Tuesday, August 18, 2009

Are Home Owners Being Realistic?

A new survey by zillow.com, an online real estate services company, shows that 81% of those polled believe that their house will not decline in value over the next 6 months:

"homeowners are more optimistic than ever about the future values of their homes, with 81 percent of homeowners believing their own homes' values will not decline in the next six months - the highest percentage on record since the first quarterly Homeowner Confidence Survey, which was fielded in the second quarter of 2008."

Things That Make You Go "hmmmm"

Clearly homeowners still have their heads in the sand and are either unwilling to look at the facts of the marketplace or they are being misled by the flurry of positive data-spin and perception management being proliferated by Wall Street, the National Association of Homebuilders, the National Association of Realtors and the Government ("trust me, jump on in - the water is perfect").

For anyone who is hesitant about the future direction of housing prices, please refer to this post of mine from a few weeks ago:

Housing Values: Look Out Belowwww

The other factor lending slight support to the mid-price range of homes right now is the $8k taxpayer subsidization of first time homebuyers down payments (the FHA now lets a home buyer apply the $8k tax credit to the down payment). Let's see what happens to home prices if Obama takes away this wealth transfer payment...


  1. It doesn't surprise people that are still confident in their homes price maintaining value.

    Those mortgages are due for resetting after the Fed will stop quantitative easing.

    Once the Jumbo/option arm loans reset we will see the next leg down.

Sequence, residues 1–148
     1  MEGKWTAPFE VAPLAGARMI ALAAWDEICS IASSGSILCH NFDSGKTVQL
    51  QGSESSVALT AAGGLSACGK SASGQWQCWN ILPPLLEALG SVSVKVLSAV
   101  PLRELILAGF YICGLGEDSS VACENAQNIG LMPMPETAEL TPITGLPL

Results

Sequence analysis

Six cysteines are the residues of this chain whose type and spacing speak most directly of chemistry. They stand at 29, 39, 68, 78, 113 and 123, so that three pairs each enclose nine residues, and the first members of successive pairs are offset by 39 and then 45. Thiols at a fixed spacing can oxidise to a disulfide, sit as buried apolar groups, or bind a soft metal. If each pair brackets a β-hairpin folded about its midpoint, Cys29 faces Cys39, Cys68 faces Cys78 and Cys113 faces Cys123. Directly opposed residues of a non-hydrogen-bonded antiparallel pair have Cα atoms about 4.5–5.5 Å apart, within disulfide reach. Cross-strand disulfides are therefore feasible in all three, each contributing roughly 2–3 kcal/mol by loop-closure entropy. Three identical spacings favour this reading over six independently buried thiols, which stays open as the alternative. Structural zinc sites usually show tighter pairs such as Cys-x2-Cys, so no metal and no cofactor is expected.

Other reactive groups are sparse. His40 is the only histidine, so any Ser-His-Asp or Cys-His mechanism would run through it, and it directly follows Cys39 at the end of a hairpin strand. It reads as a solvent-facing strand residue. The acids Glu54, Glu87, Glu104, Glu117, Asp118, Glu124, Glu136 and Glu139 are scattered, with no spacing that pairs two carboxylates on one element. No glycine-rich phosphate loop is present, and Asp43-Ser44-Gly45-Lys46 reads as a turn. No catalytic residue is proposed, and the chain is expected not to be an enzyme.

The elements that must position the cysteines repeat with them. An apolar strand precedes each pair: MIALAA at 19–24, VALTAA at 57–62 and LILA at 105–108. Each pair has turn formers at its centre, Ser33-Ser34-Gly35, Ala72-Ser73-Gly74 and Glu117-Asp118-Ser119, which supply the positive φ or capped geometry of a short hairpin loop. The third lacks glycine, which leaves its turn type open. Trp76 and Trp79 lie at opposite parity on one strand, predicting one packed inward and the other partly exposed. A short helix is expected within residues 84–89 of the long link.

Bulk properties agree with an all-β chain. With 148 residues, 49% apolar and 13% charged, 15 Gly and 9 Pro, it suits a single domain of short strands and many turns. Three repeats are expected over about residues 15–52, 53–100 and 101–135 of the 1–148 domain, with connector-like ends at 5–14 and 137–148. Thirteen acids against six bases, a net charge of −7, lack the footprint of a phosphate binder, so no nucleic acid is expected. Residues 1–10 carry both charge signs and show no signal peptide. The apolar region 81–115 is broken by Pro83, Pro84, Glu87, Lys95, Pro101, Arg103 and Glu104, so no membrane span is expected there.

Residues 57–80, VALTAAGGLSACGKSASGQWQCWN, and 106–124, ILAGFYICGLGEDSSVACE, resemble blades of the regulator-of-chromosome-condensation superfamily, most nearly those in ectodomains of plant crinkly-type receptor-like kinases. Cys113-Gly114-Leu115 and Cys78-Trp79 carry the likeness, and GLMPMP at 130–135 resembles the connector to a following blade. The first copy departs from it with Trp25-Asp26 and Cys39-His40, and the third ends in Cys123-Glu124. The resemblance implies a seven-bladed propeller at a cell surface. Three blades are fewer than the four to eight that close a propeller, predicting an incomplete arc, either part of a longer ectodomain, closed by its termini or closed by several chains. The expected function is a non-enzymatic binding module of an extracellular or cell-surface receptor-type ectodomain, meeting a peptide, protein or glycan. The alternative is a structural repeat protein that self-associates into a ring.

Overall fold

I think the administration is beginning to realize that, regardless of the subsidies, home ownership is not a realistic option.

  2. I doubt Obama understands this because he doesn't understand finance at all (remember his "stocks have a low profits-to-earnings ratio" comment?). Larry Summers may understand it but he doesn't care. when Obama appoints him to replace Bernanke, he'll really crank up the printing press.

    It's not just mortgage resets/recasts that are screwing homeowners, it's unemployment as well. The pay-option mortgages just make things even that much worse.

  3. They must be reading those articles that the recession is over and that "pending" home sales have gone up last month. Exactly what the hell is "pending" home sale...

    What's scary is that the $8k credit is now able to be applied as down payment for many home sales from the same people that shouldn't have any businss buying one in the first place.

    If you can't put the minimum down payment of 3.5% in cash w/o using the tax credit, you shouldn't be buying a house.

    When the housing market tumbles again, those who could barely afford a house will be hit the hardest when their home values decline.

  4. Harvey, even 3.5% is too low for a downpayment. LOL. Now GNMA is offering 125 LTV mortgages. The Government has shifted the old subprime machinery from CFC, WM, FNM and FRE to GNMA and FHA - to be guaranteed by you and me.

  5. The cycle will continue, by making those loans backed by the gov't seems to be the only way they got banks to loan out money because w/o that they wouldn't have.

    It's funny, don't they want to banks to avoid making the same mistakes that got us into this mess.

    The gov't also wants consumers to increase their savings yet they are enticing them with free money for a new houses and cars.

    Great way to spur the economy! Why not just give out free money to everyone.

  6. re: why not give free money to everyone


    Because they're too busy giving free money to the banks and CEO who's run them